Key House Republicans announced plans to release several hundred pages of independent counsel Kenneth Starr's report on Friday, as Speaker Newt Gingrich cautioned rank-and-file lawmakers against personal attacks against President Clinton.
Rep. Henry Hyde, chairman of the House Judiciary Committee, said House passage of legislation, expected on Friday, will trigger the immediate release of 445 pages of the material Starr delivered to the House on Wednesday.An additional 2,000 pages will be reviewed within a matter of days by Judiciary Committee officials to see what can be released without jeopardizing the reputations of innocent people, Hyde added.
In addition, Starr deposited boxes of additional material with Congress on Wednesday, including grand jury transcripts. If is not clear when - or if - some or all of that will be made public.
Despite the comments by Hyde, House Democratic leader Dick Gephardt said fellow Democrats favor giving Clinton time to review the material and prepare a response before any of it is made public. "There's a great desire for fairness. There's a great desire to do this in the right way," Gephardt told reporters.
Hyde made his comments after a closed-door GOP caucus. At the same time, Gingrich took the unusual step of addressing the House from the speaker's rostrum.
"Members engaging in debate must abstain from language that is personally offensive toward the president, including references to various types of unethical behavior," he said.
"The freedom of speech in debate in the House of Representatives should never be denied or abridged," Gingrich said, quoting from House rules. "But freedom of speech in debate does not mean license to indulge in personal abuses or ridicule."
Congress has the right to criticism, he said, "but this right is subject to proper rules requiring decorum in debate."
On Capitol Hill, tourists and civil servants pause when they sense history in the making. The cameras showed scores of them watching as two black vans arrived on Capitol Hill with 36 boxes containing Starr's report. The delivery may have signaled the beginning of a race. Can Bill Clinton apologize rapidly and completely enough to prevent the contents of those boxes from destroying his presidency?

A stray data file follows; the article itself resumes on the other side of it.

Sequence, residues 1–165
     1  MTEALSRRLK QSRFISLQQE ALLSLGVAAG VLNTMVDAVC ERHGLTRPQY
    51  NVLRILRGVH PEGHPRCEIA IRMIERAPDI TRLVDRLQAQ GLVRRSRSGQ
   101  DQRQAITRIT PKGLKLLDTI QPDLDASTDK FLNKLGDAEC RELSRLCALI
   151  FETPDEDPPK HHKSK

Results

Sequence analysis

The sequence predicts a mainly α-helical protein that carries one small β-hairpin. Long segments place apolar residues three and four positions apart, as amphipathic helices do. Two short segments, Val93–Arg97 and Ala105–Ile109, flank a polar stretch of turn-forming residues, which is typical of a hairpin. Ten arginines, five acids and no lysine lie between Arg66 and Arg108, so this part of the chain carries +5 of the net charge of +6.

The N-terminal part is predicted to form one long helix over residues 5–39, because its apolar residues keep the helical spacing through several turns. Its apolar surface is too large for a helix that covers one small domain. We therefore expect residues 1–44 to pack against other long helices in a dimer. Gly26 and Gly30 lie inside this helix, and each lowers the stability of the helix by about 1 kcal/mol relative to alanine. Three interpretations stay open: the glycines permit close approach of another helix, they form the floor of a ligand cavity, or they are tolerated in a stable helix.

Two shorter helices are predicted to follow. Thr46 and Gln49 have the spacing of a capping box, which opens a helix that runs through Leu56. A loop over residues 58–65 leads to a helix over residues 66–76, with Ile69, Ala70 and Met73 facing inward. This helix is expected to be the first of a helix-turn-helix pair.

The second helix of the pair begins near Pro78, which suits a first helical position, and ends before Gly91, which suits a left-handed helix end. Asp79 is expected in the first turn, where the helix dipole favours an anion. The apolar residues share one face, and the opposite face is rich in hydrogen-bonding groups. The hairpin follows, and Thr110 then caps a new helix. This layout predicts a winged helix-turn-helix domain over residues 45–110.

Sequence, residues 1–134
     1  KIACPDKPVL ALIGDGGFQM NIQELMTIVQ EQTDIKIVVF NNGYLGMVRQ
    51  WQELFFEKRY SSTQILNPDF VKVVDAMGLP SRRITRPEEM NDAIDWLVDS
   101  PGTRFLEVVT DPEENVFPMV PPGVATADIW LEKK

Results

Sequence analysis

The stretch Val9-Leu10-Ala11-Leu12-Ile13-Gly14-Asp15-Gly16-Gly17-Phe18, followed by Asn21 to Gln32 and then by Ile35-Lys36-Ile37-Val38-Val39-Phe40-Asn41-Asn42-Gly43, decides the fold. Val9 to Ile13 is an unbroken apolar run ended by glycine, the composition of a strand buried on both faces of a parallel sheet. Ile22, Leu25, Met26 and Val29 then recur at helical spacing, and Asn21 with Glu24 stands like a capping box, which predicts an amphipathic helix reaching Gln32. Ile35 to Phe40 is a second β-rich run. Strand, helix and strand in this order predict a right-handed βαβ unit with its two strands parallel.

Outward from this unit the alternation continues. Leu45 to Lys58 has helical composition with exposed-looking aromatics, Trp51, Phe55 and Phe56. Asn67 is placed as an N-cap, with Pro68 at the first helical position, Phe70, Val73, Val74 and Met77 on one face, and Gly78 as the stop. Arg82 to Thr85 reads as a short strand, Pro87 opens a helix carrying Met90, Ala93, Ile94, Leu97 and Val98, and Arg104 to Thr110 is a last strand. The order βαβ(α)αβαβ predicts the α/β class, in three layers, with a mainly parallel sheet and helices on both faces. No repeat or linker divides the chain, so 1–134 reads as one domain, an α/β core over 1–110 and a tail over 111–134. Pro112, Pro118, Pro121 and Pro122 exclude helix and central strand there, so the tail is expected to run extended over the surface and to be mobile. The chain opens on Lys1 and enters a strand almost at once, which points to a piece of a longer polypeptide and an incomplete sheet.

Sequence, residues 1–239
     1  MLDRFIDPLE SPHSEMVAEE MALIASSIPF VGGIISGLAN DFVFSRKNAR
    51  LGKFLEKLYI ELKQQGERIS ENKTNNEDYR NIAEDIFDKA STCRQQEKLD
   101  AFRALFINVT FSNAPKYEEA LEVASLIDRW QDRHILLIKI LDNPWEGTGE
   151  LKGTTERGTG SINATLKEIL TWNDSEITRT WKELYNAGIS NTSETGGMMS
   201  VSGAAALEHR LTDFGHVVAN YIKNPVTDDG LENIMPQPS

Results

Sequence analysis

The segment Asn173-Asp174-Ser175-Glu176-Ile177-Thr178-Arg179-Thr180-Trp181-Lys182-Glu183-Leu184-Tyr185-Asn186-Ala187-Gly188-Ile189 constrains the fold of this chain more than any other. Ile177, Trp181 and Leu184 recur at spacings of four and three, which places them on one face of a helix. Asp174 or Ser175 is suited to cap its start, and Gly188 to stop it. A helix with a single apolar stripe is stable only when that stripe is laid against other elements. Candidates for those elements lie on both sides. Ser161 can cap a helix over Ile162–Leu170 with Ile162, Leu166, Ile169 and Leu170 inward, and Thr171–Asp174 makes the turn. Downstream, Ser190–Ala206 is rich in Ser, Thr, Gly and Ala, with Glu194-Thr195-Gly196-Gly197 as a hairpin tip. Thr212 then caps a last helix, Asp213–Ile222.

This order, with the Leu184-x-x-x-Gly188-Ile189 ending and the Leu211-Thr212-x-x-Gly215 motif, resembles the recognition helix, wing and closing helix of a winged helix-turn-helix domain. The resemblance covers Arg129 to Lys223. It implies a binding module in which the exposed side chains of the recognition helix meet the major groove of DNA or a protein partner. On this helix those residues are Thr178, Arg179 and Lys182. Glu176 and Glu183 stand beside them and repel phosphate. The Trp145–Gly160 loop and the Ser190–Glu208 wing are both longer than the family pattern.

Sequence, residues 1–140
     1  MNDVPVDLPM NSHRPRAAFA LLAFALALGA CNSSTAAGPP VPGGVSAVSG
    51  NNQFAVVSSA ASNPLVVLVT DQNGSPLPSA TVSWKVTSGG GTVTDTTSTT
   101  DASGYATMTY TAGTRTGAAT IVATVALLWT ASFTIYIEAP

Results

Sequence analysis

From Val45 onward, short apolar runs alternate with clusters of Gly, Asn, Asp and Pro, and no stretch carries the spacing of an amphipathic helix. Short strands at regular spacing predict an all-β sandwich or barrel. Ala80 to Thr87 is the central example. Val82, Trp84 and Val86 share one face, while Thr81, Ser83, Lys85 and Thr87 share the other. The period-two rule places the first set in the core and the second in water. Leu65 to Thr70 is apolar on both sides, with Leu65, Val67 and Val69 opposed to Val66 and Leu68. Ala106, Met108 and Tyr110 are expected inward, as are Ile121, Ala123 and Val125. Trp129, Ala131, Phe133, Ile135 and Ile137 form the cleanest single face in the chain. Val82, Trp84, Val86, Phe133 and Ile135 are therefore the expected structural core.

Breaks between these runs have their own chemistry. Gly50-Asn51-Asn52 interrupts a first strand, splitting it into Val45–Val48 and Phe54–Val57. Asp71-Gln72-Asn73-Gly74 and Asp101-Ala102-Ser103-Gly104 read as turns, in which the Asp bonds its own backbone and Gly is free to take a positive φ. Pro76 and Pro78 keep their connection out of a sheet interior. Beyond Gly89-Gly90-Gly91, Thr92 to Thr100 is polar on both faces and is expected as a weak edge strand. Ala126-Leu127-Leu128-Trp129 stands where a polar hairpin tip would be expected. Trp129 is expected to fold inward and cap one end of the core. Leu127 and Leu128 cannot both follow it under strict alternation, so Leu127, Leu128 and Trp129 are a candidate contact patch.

We will not know the answer for a while, but there is no mistaking that this week has brought a more somber legal and constitutional vocabulary into play. By delivering his 500-page report with supporting documents, Starr was serving notice that he believed he had found "substantial and credible information of impeachable offenses."
The abrupt delivery of the Starr report caught congressional Democrats and the White House off guard. It also speeded up the political clock for Clinton.
His initial response, delivered through his lawyer David Kendall, was terse: "There is no basis for impeachment." The president delivered the same message in an emotional meeting with skittish House Democrats on Wednesday morning.
But before they and the Senate critics within Clinton's own party decide whether they will stand with him in an impeachment fight, they want answers to less legalistic questions. Are there other bombshells out there?
As Sen. Bob Graham of Florida put it, does Clinton finally understand that "he's got a serious problem with the American people"?
They also want to know if Clinton can get beyond what another Democrat, Sen. Robert Byrd, called the "delay and counterattack" strategy.
In Florida Wednesday, Clinton tried to show he could by admitting to Democratic donors that "I let this country down." Yet there was an odd language in his description of visiting a school. He spoke of wanting "to be able to conduct my life and my presidency so that all the parents of the country could feel good."
The language seemed to suggest that at some deep level the president fails to acknowledge how much of the story of his life and this presidency has been written in indelible ink.
So, at the end of one of the worst days that any modern president has experienced, here is Clinton's situation: He must produce a mammoth political effort to secure the forgiveness that he could have had with ease if he had told the truth on the day seven months ago when he wagged his finger at the American people and denied having sex "with that woman, Miss Lewinsky."
Moreover, only a handful of people, including Clinton, know whether those 36 boxes actually contain information that would wreck his already fragile standing with the public and his party.
Some clergy are boycotting an annual prayer breakfast Friday with President Clinton because of his moral woes. But a top official of The Church of Jesus Christ of Latter-day Saints plans to attend.
Elder W. Don Ladd of the Seventy told the Deseret News Thursday he will attend. He said President Gordon B. Hinckley was invited but could not attend and asked him to go in his place.
Meanwhile, National Association of Evangelicals Chairman Lamar Vest told the Washington Times his group will boycott the event. The Times said that several other national clergy have chosen not to attend although many Protestants, Muslims and others will be there.